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Matter & Antimatter

  • Thread starter kingwinner
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  • #1
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I am really stuck on setting up the problem & equations to solve, can someone please help me out with this beginning step?

The question is:
1) A plasma out in space containing protons and electrons meets up with another plasma containing anti-protons and positrons. At what rest wavelengths would you expect to observe the spectral signatures of this collision?

Will both plasmas annihilate completely or only half of each plasma will annihilate? I know that when protons and antiprotons collide, they annihilate completely. But in this case, say, the protons surely can collide with the positrons instead of colliding with the anti-protons, right?

I think I need the "mass" to do the calculations. How can I figure out the total mass the the two plasmas? I don't know how many protons, positrons, etc., there are...

And I don't even know the speed of the protons, positrons, etc., how can I calculate the energy without the speed of the particles?

How many photons will be released? One? Two? Three? How can I know?



Any help of any kind is greatly appreciated! Thank you!:)
 
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Answers and Replies

  • #2
andrevdh
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A proton and antiproton will annihilate each other. Same with an electron and a positron. Each of these will result in its own set of photons with specific wavelengths. More matter will just result in more photons with the same wavelengths.
 
  • #3
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as far as i know protons shouldnt anihilate the positrons. whilst they have opposite charges they are not the matter/antimatter reflections of each other

i think
 
  • #4
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Should would the 2 plasmas annihilate completely?

Another trouble is that I don't know the mass and velocity of the plasmas...

Can anyone explain in greater detail? Thanks!
 
  • #5
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But another trouble is that I don't know the mass and velocity of the plasmas...

Can anyone explain in greater detail? Thanks!
 
  • #6
Dick
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The problem says "at what REST wavelengths". While not very good english, I assume this would mean you can ignore the velocities. The total mass, whether annihilation is complete etc etc are irrelevant. Just take eg one e+/e- encounter. What happens?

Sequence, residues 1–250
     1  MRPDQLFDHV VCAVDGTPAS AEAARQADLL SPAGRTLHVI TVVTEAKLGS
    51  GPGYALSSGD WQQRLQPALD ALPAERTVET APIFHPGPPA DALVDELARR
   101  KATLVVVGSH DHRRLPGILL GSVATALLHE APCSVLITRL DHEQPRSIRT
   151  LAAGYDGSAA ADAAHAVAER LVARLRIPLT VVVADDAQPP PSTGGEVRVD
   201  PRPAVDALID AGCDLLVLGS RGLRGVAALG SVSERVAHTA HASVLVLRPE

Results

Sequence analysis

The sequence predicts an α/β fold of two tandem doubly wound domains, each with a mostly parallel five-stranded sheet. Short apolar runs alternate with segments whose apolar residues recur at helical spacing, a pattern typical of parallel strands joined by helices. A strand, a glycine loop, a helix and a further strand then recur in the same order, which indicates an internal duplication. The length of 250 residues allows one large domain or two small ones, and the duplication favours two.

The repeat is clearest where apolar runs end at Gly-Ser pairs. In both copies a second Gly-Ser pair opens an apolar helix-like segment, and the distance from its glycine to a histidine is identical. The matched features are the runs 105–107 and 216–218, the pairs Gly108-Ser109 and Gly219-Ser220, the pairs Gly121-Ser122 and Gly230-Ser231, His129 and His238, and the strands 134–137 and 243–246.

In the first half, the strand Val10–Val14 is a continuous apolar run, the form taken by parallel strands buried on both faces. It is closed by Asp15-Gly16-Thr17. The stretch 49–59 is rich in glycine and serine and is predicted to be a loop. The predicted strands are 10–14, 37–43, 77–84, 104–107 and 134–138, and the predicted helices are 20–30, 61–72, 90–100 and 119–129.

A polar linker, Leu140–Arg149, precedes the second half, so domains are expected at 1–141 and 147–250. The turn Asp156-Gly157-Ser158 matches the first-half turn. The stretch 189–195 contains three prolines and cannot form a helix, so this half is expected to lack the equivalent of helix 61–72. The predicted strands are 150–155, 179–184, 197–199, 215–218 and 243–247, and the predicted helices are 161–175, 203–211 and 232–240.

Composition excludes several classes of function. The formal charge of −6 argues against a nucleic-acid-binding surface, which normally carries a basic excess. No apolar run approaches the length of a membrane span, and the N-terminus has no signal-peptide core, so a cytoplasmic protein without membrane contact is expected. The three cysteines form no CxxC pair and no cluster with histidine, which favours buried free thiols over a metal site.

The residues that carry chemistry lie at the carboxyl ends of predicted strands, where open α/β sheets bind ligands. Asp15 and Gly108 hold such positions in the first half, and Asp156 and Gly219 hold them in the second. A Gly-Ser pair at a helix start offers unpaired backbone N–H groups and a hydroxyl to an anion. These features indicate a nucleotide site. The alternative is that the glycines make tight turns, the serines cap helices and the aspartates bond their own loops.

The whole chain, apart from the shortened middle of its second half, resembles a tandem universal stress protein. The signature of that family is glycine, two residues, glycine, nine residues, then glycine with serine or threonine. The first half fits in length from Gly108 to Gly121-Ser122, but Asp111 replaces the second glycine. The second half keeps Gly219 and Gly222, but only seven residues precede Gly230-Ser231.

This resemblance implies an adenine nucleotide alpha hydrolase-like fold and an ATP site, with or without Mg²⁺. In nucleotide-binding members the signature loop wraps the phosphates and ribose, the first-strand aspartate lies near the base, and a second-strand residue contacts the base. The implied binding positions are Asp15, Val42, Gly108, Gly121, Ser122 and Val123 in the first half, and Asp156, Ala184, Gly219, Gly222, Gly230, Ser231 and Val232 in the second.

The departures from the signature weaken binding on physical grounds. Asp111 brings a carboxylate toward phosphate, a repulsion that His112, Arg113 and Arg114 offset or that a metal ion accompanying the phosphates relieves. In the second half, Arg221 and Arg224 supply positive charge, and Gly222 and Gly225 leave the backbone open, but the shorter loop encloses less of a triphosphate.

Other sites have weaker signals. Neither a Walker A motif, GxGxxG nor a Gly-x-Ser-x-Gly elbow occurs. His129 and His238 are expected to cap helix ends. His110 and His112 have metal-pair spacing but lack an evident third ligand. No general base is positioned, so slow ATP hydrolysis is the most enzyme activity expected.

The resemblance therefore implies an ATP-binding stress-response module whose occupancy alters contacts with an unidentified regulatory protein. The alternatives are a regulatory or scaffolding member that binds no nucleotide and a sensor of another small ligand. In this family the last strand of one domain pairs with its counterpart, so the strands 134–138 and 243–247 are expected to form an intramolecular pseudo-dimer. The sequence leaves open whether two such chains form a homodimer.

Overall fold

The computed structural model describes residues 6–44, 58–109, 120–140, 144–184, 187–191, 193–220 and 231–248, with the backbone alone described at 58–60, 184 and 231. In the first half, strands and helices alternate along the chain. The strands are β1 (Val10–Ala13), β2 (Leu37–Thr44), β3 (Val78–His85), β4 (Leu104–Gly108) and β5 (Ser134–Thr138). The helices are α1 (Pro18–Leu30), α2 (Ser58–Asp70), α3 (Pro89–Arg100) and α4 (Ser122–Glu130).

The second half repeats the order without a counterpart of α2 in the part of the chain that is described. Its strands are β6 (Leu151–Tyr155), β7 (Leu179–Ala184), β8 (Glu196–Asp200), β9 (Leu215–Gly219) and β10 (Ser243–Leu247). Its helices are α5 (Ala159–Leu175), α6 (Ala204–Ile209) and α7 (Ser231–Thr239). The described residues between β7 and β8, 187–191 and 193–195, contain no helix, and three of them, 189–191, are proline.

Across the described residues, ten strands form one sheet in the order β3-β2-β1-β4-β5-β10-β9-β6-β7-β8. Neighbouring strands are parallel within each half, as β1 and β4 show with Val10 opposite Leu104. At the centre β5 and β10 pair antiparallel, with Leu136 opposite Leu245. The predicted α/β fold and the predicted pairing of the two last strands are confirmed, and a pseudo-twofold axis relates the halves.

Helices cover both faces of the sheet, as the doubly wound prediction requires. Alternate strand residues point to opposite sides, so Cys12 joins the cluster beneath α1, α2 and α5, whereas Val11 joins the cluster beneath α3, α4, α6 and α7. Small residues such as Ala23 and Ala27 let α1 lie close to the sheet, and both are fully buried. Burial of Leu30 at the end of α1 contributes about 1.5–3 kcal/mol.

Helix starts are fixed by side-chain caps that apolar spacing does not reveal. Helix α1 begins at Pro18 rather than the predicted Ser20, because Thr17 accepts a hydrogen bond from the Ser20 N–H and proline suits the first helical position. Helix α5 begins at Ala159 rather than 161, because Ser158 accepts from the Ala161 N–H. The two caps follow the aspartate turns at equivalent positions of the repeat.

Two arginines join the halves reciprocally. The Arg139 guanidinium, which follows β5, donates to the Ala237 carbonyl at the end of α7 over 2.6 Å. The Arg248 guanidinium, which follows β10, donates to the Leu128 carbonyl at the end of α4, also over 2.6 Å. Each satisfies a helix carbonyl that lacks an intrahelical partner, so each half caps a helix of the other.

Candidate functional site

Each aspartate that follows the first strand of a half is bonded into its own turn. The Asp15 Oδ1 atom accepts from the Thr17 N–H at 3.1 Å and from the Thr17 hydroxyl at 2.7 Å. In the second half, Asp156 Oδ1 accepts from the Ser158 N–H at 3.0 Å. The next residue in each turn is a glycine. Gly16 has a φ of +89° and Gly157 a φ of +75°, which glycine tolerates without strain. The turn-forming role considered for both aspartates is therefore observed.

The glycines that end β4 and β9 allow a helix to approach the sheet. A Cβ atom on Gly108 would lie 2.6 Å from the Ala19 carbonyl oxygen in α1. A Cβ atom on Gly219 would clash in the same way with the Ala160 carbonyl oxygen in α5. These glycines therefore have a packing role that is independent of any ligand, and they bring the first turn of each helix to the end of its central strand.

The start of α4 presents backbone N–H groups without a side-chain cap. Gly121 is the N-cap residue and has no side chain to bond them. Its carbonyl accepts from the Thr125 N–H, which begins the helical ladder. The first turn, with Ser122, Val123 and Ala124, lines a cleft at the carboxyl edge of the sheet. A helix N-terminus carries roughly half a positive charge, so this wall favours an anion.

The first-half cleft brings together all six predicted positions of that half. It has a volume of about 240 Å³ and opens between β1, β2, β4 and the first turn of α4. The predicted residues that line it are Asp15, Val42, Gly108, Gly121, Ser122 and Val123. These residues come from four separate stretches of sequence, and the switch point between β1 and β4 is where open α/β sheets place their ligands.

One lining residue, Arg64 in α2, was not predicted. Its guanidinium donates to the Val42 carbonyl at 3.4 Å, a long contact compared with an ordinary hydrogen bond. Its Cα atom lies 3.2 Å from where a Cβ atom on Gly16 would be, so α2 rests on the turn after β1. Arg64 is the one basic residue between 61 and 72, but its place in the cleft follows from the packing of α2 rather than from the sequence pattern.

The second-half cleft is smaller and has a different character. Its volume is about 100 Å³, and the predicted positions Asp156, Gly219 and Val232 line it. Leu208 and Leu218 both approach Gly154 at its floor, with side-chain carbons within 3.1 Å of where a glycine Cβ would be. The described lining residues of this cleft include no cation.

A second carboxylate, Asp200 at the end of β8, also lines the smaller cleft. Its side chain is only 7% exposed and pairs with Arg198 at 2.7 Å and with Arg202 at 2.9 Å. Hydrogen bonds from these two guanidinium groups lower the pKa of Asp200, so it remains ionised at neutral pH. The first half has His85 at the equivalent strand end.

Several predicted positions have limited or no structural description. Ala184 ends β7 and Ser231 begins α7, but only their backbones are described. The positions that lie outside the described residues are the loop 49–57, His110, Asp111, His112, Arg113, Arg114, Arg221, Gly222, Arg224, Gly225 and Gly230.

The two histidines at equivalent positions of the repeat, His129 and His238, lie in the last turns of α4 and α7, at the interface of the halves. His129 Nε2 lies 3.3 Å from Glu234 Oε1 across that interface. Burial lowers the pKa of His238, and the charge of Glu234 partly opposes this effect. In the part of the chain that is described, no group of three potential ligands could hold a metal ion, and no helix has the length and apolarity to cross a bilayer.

• #7
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But the protons, antiprotons, etc., have kinetic energy before they collide, if I am not given their velocities, how can I find the total energy (the quantity that is conserved)?

So we only need the mass of the protons, antiprotons, electron, and positron rather than the mass of the plasmas in doing this calculation?
 
  • #8
Dick
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Yes. I think you can assume the KE is negligible compared with the annihilation energy. And, yes, the mass of the plasma would only affect the intensity and amount of radiation. Not the spectrum.
 
  • #9
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So
E=2mc^2=hc/(wavelength)
wvaelength=h/(2mc)

Substituting mass of proton and I get the first wavelength?
Substituing mass of electron and I get the second wavelength?

Am I right?


By the way, what is the meaning of REST wavelength? At rest relative to what (in which frame of reference?) ?

Thanks for your help!
 
  • #10
Dick
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I'm assuming 'rest wavelength' means the the annihilation is at rest relative to the observer. And yes, you are almost right. But does it seem ok that two particles can annihilate and produce a single photon and still conserve momentum?
 
  • #11
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So I guess there will be 2 photons, giving the following calculations:

E_final=2(E_photon)=2mc^2=E_initial (Conserivation of energy)
And 2*hc/(wavelength)=2(E_photon)=2mc^2
So wavelength=h/(mc)

But why 2 photons? not 3 or 4 photons?
 
  • #12
Dick
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Excellent question!! I don't think 3 would workkinematically, though I could be wrong. 4 would. But this would be a rare process (it would involve more loops in a Feynmann diagram - are you working at this level or is it just a simple question?).
 
  • #13
Dick
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One could also note that the annihilation in general can be a messy process. e+/e- is pretty clean but p+/p- is not. There could be other products. But I don't think that is what the question is after.
 
  • #14
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Excellent question!! I don't think 3 would workkinematically, though I could be wrong. 4 would. But this would be a rare process (it would involve more loops in a Feynmann diagram - are you working at this level or is it just a simple question?).
Just wondering...but nevermind...I don't think I am up to that level

So in most cases, 2 photons will be produced when 1 particle and 1 antiparticle collide?
 
  • #15
Dick
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Likely there are other ways for protons to annihilate - but you probably don't care much about them since their products are unstable and more than a two body decay won't give you sharp spectral lines.
 

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